mcewanThe first thing you should know about this book is that, like the other Ian McEwan books I’ve read, it is about the most uncomfortable, awkward, and squirmy thing you’ll ever read. Don’t believe me? What if I told you that the book – which is 200 pages long – only covers about two hours of time: the first two hours of a newlywed couple’s honeymoon in which they fumble to consummate their marriage? And that both of them have very embarrassing sexual dysfunctions? Well, that’s what the book is about.

The reader looks on helplessly and squirmily as two virgins, Edward and Florence, sit in a hotel room on the beach embarrassed out of their minds. It’s 1962, on the cusp of the sexual revolution, and the pair have neither the presence of mind or even the vocabulary to communicate openly with each other. There is only a handful of words spoken until the very last chapter of the book (it was tough for me not to use the word climax here, but I try to stay classy).

For the first 50 pages or so I was convinced that McEwan was just selling a freak show to us (again) – that he’s a popular author because people like reading about sex and other people’s weirdo sex problems. Who needs a plot or well-executed sentences when we could have incest, brain damage, erectile dysfunction, and a 30,000 word sex scene? Bring on other peoples’ guilt and shame!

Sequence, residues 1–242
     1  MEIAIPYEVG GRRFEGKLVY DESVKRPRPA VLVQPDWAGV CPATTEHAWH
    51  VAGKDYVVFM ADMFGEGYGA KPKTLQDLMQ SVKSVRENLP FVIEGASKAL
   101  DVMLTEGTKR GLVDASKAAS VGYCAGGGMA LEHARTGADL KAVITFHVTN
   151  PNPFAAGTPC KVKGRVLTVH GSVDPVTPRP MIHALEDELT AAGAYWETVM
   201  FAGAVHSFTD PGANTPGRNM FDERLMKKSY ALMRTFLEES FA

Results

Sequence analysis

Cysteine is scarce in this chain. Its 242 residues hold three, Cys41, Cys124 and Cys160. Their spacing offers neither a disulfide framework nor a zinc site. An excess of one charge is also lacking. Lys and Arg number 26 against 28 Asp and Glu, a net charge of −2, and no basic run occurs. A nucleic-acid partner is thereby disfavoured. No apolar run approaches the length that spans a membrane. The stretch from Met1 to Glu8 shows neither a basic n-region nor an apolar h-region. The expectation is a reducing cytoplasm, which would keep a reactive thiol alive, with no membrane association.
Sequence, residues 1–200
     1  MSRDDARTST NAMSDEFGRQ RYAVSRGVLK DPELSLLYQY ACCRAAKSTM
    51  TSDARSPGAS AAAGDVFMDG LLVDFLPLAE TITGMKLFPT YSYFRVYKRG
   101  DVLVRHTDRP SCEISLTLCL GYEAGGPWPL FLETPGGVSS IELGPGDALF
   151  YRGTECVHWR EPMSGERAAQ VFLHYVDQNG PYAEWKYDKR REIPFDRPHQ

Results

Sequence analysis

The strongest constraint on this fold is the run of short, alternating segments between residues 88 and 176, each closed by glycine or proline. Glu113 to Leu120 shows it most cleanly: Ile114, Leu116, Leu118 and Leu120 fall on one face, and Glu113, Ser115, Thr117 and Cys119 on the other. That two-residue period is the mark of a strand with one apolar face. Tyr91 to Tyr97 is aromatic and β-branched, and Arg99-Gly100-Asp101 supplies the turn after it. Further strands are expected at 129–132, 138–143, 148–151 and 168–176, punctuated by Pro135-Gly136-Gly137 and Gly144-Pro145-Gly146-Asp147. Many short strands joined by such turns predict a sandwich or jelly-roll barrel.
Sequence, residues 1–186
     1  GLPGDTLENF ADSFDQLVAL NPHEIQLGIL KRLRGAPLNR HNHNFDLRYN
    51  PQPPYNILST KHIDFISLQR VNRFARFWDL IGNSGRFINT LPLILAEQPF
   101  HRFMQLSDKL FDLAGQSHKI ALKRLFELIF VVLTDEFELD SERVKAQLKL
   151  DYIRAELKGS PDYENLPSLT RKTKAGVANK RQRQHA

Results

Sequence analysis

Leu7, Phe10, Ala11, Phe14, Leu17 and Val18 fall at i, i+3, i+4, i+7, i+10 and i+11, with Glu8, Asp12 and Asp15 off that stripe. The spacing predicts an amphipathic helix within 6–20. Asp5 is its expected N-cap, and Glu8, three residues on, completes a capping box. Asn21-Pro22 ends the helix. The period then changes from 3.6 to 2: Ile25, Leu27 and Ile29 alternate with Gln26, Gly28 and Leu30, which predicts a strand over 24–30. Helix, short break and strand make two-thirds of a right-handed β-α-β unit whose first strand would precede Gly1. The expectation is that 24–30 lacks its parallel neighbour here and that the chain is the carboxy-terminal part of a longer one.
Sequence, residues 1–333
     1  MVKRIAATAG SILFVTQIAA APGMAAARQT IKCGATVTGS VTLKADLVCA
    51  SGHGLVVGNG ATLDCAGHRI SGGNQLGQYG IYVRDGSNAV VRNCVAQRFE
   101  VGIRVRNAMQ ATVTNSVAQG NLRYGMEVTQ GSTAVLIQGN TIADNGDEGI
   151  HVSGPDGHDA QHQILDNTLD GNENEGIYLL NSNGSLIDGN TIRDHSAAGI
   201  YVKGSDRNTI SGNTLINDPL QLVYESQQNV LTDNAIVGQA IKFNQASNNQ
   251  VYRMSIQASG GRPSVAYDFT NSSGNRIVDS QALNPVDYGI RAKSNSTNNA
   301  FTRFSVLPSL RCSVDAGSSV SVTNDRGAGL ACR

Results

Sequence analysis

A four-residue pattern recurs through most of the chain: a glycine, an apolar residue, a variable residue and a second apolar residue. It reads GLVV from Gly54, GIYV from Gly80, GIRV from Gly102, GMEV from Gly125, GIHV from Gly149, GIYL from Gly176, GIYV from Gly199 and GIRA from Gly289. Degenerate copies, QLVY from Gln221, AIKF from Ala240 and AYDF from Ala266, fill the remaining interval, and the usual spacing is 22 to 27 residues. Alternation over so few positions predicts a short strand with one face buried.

But I kept reading and I’m glad I did. Through a number of seamless flashbacks, the history of the couple unfolded before me – so slowly and steadily and adeptly that I am now convinced that Ian McEwan is a genius. A dirty old man genius.

It made me think back to a few years ago when Ben and I were lucky enough to interview Jim Shepard, Ben’s favorite contemporary writer and a visiting author at the University of Montana (visiting because Ben requested him, no less). We sat in the Union Club sipping straight whiskeys and Jim Shepard told us that the truly great books (he was specifically talking about Marilynne Robinson’s Housekeeping) are books that are constantly revelatory.

And that’s exactly what I though about On Chesil Beach. Everyone – we’re talking about the characters and me – were learning and understanding more and more deeply with each page. It felt like a blossoming or, to be less lame and corny, like a picture very slowly coming into focus. Many times when authors reveal information it seems cheap or as if they were withholding it from you in order to keep you reading – dime mystery book stuff. But McEwan’s real gift is in the natural and subtle ways that he presents information to the reader. In fact, many of the biggest revelations in the book are never said outright, but only seep into the story until you understand each one as truth. It’s really pretty well done.

So – if you can handle cringing non-stop for three or four hours and have a strong stomach, you should pick up this book. And let me know if you can figure out exactly how McEwan does what he does, because I’d like to know about it.

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